DDR5 Rx Testing is a Whole New Ballgame – #28

Receiver testing (Rx) was never a concern for DDR design. Until now. The margin for error ran out, and now Rx testing is getting standardized. We sit down with Stephanie Rubalcava to explore the challenges of this new ground.

Receiver testing (Rx) was never a concern for DDR design. Until now. The margin for error ran out, and now Rx testing is getting standardized. We sit down with Stephanie Rubalcava to explore the challenges of this new ground.





This is the first time in the industry that high-accuracy, standardized receiver measurements need to be done

DDR is very different from traditional memory in terms of testing

Process of getting specs defined

What a DDR receiver test (DDR Rx Test) looks like

Even being just 100 mV off when testing can make a part appear to fail

The BERT sends out a signal to test the channel, but what’s really being tested is the DIMM and device’s ability to receive data under certain conditions

Receiver types across different devices? There’s a DQS data clock signal, and a data signal. There are also command and address lines in DDR.

For Rx testing, we’re calibrating the signal going into the receiver

JEDEC develops a lot of the testing standards

Two components of test standards: compliance and characterization. Compliance asks “do I meet the spec?” Characterization asks “how well does my system perform, and where is my fail point?”

Receiver test as whole is a challenge for engineers

They need new kinds of calibration, DDR fixtures, and tests.

DDR Transmitters (DDR Tx) are progressing with DDR5 as well as receivers. We do have the DDR Tx history testing all the way back to DDR1.

There are similar specifications for characteristics of DDR transmitters and DDR receivers.

DDR Transmitter testing is at “the ball of the part” and checks for signal characteristics.



How to Price Your Electronics Hardware Project – #14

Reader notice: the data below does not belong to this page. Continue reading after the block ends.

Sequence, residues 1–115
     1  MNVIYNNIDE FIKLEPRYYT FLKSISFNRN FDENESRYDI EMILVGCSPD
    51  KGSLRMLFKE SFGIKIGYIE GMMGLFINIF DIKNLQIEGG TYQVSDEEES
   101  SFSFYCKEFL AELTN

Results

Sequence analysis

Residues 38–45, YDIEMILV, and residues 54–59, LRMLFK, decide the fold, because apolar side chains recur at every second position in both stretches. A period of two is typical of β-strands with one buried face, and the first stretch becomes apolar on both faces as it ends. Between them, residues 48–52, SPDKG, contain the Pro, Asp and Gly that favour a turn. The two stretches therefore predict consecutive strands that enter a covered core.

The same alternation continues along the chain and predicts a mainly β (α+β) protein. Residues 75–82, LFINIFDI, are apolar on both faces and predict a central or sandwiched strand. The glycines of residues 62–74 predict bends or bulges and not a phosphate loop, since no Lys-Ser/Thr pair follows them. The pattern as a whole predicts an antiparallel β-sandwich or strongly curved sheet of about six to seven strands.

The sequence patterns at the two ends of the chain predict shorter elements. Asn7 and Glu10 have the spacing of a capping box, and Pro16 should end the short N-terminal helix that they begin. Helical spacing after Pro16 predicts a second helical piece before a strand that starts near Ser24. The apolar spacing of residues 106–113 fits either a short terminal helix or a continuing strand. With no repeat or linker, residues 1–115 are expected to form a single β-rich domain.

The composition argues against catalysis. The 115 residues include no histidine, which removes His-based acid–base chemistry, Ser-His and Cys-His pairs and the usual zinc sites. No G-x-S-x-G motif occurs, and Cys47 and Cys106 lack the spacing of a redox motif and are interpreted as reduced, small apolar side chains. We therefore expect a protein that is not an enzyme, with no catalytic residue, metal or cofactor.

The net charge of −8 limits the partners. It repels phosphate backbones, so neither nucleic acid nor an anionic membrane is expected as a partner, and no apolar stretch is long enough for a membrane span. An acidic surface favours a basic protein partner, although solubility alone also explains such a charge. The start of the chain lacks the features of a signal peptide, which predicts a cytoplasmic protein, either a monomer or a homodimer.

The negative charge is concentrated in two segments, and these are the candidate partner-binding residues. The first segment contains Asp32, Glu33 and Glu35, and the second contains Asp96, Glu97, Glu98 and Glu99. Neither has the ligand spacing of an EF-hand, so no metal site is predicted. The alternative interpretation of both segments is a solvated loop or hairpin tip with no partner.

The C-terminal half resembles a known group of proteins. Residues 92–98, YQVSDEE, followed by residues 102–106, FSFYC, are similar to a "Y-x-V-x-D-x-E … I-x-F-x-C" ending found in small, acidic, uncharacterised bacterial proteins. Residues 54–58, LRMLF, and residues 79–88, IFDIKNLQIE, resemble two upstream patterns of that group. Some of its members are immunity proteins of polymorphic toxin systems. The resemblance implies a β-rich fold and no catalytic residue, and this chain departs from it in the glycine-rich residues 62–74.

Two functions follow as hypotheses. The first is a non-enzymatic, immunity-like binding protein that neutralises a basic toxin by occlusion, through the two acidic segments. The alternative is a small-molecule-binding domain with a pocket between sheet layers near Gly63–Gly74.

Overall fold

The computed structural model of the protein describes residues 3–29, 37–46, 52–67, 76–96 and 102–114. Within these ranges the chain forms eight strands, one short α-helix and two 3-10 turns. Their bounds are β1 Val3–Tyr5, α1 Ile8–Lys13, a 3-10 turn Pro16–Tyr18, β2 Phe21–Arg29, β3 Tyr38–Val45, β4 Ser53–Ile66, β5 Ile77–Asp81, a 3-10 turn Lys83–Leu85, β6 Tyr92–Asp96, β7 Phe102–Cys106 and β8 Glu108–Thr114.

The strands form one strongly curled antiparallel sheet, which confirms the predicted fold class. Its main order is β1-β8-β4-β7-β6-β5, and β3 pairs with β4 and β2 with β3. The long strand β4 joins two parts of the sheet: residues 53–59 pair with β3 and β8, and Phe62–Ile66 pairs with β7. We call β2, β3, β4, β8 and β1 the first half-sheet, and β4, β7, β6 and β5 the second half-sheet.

Pricing a new hardware product in a global economy with regional pricing, psychological factors, and the challenges of pricing in white space. This week’s guest is Brig Asay. Hosted by Daniel Bogdanoff and Mike Hoffman, EEs Talk Tech is a twice-monthly electrical engineering podcast discussing tech trends and industry news from an electrical engineer’s perspective.

Daniel Bogdanoff and Mike Hoffman sit down with Brig Asay to talk about how to price a hardware project. Listen in as they discuss the complexities of pricing a new hardware product in a global economy.

Follow Brig Asay on Yelp @baasay.

Video Version (YouTube):

Audio Only:

0:00 Intro

How should you price hardware?


Tell us in the comments what you think our green screen should be!


Economics 101: Supply & Demand

This is how we generally set prices for hardware


Top down pricing takes into account your cost of manufacturing.

But if you price based on production costs, you’re going to fail in your pricing.

It’s all about what consumers are willing to pay.


Pharmaceutical companies are the example of bad pricing schemes. They justify high prices based on high R&D costs.

But the reality is that consumers don’t care about R&D costs. They care about how bad they need the product, and this will determine how much they are willing to pay.


Someone on EEVblog hacked a 3000T, reverse engineering it to make it a 1 GHz scope.



The newer the idea, the harder it is to price because there’s no real market value.

Talking to potential customers is a good way to start pricing in white space.


Marketing 101: Who are your customers?

Determining who you are trying to sell to and talking with them can help with pricing.

Competitor pricing is a good baseline, but then you often get into value-based pricing.


Spreadsheets are the killer of pricing. They compete with your gut feeling.

$10K per GHz of bandwidth is a standard in oscilloscope pricing, but it doesn’t always apply. When we came out with the Infiniium Z-Series, a 63 GHz scope, we knew the market couldn’t support a $630K price.


Price/volume curve = Supply and demand chart


Different regions have different pricing expectations.

Currency, cultural expectations, and import taxes all come into play when considering regional pricing.

Should a small company even worry about regional pricing?


You need to be willing to adjust pricing.

Dynamics of the market and the value of your product can change over time.

If you’re not selling anything, you need to adjust your price.

Priced too low and people may have the perception that you’re selling a low-quality product.


Pricing too low may also inadvertently shrink your market size.

Overly undercutting your competitor may hurt you in the long-run.


Does the psychological side to pricing always apply?

What’s the stigma around prices ending in a 9 or 8?


Stupid Questions with Mike:

What is your favorite price and why?

What is your favorite currency and why?


Tell us about your software or hardware project in the comments!